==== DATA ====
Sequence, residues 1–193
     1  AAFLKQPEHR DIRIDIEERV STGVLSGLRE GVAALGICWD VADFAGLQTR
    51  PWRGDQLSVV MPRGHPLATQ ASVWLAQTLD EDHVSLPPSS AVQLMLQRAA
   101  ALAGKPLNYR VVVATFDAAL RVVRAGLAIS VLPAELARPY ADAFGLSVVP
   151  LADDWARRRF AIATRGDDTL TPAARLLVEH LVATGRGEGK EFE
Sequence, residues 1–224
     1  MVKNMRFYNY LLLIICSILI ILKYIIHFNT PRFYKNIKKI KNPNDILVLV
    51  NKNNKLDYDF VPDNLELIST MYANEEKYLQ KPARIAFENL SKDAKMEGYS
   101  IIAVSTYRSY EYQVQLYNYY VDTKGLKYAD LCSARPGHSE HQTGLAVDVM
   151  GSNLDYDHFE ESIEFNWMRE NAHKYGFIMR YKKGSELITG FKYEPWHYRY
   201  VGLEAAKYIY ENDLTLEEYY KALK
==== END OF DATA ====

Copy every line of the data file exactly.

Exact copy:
Sequence, residues 1–193
     1  AAFLKQPEHR DIRIDIEERV STGVLSGLRE GVAALGICWD VADFAGLQTR
    51  PWRGDQLSVV MPRGHPLATQ ASVWLAQTLD EDHVSLPPSS AVQLMLQRAA
   101  ALAGKPLNYR VVVATFDAAL RVVRAGLAIS VLPAELARPY ADAFGLSVVP
   151  LADDWARRRF AIATRGDDTL TPAARLLVEH LVATGRGEGK EFE
Sequence, residues 1–224
     1  MVKNMRFYNY LLLIICSILI ILKYIIHFNT PRFYKNIKKI KNPNDILVLV
    51  NKNNKLDYDF VPDNLELIST MYANEEKYLQ KPARIAFENL SKDAKMEGYS
   101  IIAVSTYRSY EYQVQLYNYY VDTKGLKYAD LCSARPGHSE HQTGLAVDVM
   151  GSNLDYDHFE ESIEFNWMRE NAHKYGFIMR YKKGSELITG FKYEPWHYRY
   201  VGLEAAKYIY ENDLTLEEYY KALK